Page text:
Study: Overachieving Isn't Worth It

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The real world doesn’t offer extra credit. No one cares if you over-deliver on your promises — but you still lose points if you under-deliver, according to a new study led by behavioral scientist Ayelet Gneezy of the University of California, San Diego.

Here’s a breakdown of the research, published recently in the journal Social Psychology and Personality Science:

(Researchers) asked college students to imagine using an online company to buy concert tickets for Row 10.  The participants then were randomly instructed to consider receiving seating that was either worse than, better than, or exactly as promised. They then indicated their level of satisfaction with the purchase, as well their likelihood of both using the online ticketing company again and recommending the service to friends.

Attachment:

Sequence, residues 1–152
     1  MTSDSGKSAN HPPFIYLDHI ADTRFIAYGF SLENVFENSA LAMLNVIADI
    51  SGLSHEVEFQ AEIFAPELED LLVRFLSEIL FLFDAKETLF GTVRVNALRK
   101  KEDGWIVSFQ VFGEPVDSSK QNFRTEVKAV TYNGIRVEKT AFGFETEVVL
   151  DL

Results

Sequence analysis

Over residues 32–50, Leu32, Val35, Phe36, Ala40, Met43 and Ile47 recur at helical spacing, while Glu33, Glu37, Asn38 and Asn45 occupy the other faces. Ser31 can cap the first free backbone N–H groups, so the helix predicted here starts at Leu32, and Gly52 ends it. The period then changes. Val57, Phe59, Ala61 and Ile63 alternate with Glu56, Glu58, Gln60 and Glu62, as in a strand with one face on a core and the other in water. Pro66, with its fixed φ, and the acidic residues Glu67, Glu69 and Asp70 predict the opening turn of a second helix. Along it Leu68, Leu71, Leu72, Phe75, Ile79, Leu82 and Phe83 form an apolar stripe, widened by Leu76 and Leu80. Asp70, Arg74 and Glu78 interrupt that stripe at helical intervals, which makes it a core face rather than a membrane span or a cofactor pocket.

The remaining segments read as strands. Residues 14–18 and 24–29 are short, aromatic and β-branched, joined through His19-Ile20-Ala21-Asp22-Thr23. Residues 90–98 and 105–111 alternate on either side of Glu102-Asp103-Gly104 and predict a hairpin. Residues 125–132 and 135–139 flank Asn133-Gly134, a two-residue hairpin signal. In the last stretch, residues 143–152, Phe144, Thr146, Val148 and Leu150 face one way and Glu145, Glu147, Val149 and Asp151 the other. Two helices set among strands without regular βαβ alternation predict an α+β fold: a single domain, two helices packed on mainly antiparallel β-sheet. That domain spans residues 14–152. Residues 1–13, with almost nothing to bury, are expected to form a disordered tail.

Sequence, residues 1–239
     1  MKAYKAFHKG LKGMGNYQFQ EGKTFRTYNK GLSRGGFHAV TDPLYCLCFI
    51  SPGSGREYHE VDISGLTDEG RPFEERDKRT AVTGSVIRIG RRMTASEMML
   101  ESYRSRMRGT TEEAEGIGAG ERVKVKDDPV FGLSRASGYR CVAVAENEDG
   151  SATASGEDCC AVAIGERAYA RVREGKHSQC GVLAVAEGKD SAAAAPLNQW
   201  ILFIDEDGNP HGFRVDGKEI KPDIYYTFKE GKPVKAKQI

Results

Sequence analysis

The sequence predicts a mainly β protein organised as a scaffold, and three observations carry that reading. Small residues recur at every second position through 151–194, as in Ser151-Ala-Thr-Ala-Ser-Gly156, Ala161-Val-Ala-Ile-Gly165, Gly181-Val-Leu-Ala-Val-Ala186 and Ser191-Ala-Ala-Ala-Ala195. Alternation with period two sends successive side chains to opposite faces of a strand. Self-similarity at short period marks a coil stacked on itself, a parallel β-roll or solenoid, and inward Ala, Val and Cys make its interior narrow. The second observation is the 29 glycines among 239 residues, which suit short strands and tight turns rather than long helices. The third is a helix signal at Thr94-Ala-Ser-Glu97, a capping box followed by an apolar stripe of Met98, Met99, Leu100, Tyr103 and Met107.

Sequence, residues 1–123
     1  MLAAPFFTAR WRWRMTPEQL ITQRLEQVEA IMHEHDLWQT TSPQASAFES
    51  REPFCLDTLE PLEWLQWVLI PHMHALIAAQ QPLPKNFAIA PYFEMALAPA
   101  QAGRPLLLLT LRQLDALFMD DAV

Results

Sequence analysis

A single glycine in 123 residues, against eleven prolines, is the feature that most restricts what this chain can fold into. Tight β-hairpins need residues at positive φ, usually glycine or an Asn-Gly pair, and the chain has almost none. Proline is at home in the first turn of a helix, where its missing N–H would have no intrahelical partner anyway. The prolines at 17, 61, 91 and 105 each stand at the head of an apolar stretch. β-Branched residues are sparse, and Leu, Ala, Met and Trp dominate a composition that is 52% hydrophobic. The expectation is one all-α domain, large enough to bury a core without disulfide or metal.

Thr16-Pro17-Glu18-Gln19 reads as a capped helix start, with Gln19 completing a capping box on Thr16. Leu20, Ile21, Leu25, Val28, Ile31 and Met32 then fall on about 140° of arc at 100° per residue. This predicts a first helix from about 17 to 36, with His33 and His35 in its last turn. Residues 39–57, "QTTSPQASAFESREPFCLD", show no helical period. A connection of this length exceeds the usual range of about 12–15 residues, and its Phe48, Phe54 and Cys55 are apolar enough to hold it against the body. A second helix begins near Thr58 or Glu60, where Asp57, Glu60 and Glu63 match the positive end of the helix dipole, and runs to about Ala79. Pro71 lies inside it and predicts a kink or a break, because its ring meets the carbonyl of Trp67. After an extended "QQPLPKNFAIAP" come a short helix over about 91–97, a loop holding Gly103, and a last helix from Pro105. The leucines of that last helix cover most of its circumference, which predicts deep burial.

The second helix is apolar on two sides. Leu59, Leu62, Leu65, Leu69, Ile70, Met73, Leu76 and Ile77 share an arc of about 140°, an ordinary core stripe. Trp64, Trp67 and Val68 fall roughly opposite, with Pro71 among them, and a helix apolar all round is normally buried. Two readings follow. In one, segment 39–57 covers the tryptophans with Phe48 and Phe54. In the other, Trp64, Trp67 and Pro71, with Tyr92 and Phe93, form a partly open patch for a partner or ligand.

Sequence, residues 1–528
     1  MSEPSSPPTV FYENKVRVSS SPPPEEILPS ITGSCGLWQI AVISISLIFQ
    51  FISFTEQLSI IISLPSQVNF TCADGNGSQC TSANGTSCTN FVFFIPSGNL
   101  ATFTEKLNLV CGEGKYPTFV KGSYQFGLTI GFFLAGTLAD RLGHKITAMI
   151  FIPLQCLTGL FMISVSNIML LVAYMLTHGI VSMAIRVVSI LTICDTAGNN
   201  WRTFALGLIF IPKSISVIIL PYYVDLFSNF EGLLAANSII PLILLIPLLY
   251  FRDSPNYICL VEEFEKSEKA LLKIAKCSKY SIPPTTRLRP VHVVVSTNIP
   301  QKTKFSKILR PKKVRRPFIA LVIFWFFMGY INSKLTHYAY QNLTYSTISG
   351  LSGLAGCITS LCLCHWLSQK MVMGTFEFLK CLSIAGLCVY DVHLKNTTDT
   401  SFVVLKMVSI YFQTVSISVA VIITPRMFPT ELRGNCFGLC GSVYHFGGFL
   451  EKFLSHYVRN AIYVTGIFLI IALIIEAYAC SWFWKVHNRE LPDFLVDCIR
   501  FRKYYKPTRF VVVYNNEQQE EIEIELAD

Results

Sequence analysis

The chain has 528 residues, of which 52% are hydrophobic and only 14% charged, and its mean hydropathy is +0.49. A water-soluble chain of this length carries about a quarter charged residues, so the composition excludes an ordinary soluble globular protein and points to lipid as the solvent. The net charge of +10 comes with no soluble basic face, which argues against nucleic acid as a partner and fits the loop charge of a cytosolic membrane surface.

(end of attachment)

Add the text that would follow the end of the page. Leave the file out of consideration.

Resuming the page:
Unsurprisingly, the participants reacted negatively when they received tickets for seats that were worse than promised (no matter how bad the seats turned out to be). 

But they were no more positive—in fact, were slightly more negative—when they received better tickets than promised compared to getting exactly what they were guaranteed.

The paper focused on what companies can do to keep customers happy, but there are some takeaways here for the rest of us, too. In everyday life, these findings suggest your boss doesn’t care if you turn a project in early, but she’ll definitely be mad if you turn it in late. So meet your deadlines and keep your promises — but maybe you don’t need to do anything more.